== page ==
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Walking With Dinosaurs

Dec 12, 2007

While you've missed your chance to have a real-live dinosaur encounter by about 65 million years, you can still get up close and personal with all of your fave "terrible lizards" at a Walking With Dinosaurs showt near you. Check it out!

The TV Show

Walking With Dinosaurs began as an award-winning six-part BBC TV series that, according to the Guinness Book of World Records, was the most expensive documentary series - minute for minute - ever made. The show was filmed like a nature documentary with "living" dinosaurs rather than interviews with experts. The series won three Emmy Awards, including Best Animated Program.

The Live Experience

The TV show was so popular that a live theatrical adaptation of the documentary series was created in Australia and began touring in 2007. The live show features 15 life-size mechanical dinosaurs, with the largest of them - the brachiosaurus - reaching 45 feet tall! Now that show has hit the road to North America! The super-realistic show is part art, part science, but it's all entertainment!

Show Review

If you’re tired of the same old museum field-trips and textbook [KWLINK ]fossil[/KWLINK] sketches, Walking with Dinosaurs is for you. Not since Jurassic Park have these “terrible lizards” been so alive, beautiful, and terrifying. There are a few clunky bits of narration and view-blocking set décor, but that’s just nitpicking when compared to the sheer technical brilliance of the life-size dinosaurs themselves. The great beasts not only look astoundingly lifelike, their movements are faultless too. Round up the whole family; this is one show you can’t afford to miss.

Upcoming Dates

Wanna catch the live show for yourself? Check out one of the shows below, or head to www.dinosaurlive.com for more shows and to buy tickets.

  • Moline, Illinois - March 5-9, 2008
  • Rockford, Illinois - March 12-16, 2008
  • State College, Pennsylvania - March 20-23, 2008
  • Amherst, Massachusetts - March 27-30, 2008
  • Houston, Texas - April 2-6, 2008
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1 Comment

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Dino poll

What Is Your Favorite Dino?

  • T-Rex.
  • Triceratops.
  • Stegasoraus.
  • Dino from The Flintstones.

General In The Forums

PerksBeingABookworm
photo:6446529  [ photo:6446529] (I tried both, one without brackets and one with as an experiment) The bracket won't go without a space though Doesn't seem to be working but I hoped this helped? Ha ha 
reply 27 minutes
rainbowpoptart
rainbowpoptart posted in Random:
Sure thing. EDIT: Erm, I don't know if that's what that's supposed to be, lol. 
reply 38 minutes
PerksBeingABookworm
"Tennis123" wrote: "PerksBeingABookworm" wrote: Yeah. It’s not really something I’d ever partake in but I’m not going to denigrate people for doing it either. Unless you’re drawing out the animal’s death, wasting the potential resources it offers, or it’s an endangered species. Like with white tail deer, they’re already over populated, culling the population a little would help the ecosystem more than it would harm it. Just have respect for the life of the animal. Why isn’t the killing of the animal the issue for you? You say “have respect for the life of the animal” but you can’t do that while simultaneously killing said animal. If someone thinks it’s ok to kill the animal, they must have a difference between the animal and a human that justifies the killing. And if the difference was applied to a human, they must also accept killing them, otherwise it’s a contradiction. With all due respect, I believe it is possible. When I say "have respect for the life of the animal," I mean you should respect the fact that you are potentially taking a life, and that action should be justified. The killing of an animal isn't an issue for me if it is justified and absolutely necessary.  And yes, there is a difference between animals and humans. While we too are animals, we are significantly more developed intellectually and biologically in comparison to the majority of other species. This is a fact, and it's why many of us are so comfortable with killing wild animals-we feel disconnected to them except in certain cases, such as species like dolphins, apes, horses, and dogs. Does that mean we should value the lives of animals any less? No. But while animals are by nature more primal, that doesn't negate the fact that if they have proven to be a legitimate threat to the ecosystem and/or society, there shouldn't be an issue with killing them (ex. rabid animals beyond help). This isn't solely limited to animals either, you can see it in our own human society in many ways. For instance, our society executes people who have committed atrocities of the highest level, but we still value human life.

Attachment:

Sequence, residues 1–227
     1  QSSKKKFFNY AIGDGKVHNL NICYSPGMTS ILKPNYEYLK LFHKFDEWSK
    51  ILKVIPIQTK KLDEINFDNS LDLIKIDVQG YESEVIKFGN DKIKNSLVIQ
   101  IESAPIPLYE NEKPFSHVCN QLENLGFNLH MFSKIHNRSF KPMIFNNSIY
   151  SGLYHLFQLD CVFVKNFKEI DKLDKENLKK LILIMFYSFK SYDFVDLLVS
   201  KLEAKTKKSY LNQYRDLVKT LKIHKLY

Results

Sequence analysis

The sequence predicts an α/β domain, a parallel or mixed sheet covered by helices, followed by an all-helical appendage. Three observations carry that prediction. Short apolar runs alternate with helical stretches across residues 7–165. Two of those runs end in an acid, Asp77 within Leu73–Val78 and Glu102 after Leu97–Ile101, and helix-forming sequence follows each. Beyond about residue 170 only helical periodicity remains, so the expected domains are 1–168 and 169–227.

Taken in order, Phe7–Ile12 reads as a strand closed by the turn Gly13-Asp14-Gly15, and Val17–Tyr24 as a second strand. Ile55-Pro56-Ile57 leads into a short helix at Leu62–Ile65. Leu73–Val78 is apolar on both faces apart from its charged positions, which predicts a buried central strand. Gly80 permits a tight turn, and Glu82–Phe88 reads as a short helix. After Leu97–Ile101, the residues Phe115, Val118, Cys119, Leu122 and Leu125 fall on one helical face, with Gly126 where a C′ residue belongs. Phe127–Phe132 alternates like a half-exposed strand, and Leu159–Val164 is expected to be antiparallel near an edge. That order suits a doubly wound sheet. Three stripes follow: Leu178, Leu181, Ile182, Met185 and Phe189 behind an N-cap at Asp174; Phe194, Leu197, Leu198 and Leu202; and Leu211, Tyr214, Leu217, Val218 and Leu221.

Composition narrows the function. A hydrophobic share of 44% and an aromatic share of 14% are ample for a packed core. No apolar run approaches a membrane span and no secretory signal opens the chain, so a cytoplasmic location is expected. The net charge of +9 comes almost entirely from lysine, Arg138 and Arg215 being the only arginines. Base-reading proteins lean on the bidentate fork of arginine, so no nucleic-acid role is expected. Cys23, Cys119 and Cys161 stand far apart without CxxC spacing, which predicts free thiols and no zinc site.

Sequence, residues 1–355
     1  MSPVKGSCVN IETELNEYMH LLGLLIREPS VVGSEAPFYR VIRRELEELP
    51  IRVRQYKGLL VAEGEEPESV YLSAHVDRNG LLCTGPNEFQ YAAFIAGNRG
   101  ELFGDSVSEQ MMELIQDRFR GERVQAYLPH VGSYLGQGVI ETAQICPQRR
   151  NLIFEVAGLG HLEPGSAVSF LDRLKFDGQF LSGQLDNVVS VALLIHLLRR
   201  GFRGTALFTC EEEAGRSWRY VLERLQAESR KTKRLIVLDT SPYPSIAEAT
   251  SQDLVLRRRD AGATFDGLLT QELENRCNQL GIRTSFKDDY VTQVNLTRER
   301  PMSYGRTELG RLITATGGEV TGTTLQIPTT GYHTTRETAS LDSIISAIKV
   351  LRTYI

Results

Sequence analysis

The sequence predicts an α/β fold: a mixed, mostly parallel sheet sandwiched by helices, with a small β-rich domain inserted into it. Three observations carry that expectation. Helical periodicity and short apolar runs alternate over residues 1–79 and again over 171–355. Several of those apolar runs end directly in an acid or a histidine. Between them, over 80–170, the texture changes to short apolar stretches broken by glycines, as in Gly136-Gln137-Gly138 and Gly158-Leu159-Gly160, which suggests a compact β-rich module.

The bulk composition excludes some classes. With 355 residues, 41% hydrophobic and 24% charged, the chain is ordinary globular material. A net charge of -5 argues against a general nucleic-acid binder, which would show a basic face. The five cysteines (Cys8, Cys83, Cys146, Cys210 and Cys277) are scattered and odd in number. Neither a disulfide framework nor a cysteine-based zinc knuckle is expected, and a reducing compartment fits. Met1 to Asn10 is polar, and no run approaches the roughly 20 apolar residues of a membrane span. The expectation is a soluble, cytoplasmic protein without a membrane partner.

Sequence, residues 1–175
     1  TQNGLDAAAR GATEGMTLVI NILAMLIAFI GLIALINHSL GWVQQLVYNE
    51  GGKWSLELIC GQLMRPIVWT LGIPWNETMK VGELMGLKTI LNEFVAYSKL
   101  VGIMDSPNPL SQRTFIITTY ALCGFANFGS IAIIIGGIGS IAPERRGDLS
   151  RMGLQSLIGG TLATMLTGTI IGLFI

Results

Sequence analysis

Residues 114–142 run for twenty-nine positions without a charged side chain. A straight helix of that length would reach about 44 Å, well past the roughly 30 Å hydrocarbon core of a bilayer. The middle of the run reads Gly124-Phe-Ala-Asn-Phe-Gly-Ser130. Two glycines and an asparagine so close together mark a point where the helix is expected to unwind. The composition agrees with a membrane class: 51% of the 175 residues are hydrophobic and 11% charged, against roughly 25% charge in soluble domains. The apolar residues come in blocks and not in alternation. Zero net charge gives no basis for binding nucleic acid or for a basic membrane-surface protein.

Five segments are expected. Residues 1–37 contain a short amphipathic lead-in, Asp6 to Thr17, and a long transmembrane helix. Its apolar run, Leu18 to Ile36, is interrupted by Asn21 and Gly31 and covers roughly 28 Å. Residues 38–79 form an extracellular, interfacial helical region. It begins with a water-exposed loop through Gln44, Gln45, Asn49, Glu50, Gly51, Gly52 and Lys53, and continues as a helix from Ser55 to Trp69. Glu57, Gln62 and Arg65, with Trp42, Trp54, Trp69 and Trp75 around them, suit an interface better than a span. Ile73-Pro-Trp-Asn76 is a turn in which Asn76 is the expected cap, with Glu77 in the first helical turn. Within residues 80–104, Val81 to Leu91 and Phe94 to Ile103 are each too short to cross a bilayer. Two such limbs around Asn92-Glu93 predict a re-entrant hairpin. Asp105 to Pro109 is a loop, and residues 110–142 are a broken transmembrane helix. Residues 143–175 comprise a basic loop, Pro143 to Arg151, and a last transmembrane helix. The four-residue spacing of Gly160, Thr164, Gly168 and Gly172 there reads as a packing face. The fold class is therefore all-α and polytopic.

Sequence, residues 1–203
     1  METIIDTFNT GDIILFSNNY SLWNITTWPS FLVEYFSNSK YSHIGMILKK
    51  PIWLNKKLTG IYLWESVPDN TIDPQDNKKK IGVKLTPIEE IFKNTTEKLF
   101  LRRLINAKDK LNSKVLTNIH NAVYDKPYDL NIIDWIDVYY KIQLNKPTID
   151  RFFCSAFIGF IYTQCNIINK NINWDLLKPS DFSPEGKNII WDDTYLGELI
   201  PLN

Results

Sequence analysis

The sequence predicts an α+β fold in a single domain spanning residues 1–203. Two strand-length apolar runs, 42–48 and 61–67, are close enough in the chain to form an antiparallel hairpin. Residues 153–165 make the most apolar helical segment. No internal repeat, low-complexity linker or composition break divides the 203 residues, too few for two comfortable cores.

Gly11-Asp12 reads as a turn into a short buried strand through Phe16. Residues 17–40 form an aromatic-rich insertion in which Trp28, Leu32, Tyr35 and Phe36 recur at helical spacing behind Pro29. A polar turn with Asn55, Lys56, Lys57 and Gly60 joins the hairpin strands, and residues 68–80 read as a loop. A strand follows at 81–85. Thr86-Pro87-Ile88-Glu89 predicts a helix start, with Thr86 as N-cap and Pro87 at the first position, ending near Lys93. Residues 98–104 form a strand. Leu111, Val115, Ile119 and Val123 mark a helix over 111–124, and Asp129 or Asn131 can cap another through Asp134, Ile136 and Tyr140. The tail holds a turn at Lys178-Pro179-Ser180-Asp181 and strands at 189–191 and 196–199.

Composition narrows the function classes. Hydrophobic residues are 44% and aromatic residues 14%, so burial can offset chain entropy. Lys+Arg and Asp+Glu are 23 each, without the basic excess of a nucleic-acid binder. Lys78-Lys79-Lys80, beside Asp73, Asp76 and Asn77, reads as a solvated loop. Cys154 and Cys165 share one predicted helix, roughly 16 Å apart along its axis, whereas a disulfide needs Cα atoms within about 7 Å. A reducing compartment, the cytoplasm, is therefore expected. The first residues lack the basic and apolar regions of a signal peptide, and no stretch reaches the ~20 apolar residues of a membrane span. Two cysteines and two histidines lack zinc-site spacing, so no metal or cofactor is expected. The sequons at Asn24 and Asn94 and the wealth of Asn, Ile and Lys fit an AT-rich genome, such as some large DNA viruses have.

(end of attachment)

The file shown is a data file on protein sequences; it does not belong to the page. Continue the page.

reply about 1 hour
Pokmon
Pokmon posted in Random:
Hi! If you're reading this, could you please type in: photo:6446529 but add [ to the beginning and ] to the end (no spaces)? Thank you! This is an image embed test, if you're curious (seeing if anyone can use images that I upload around the forums) not sure where this went, so I put it in general :P
reply about 2 hours
Ivie96
Ivie96 posted in New Users:
Its so cool that there are other new people here too! Id love to be friends!
reply about 2 hours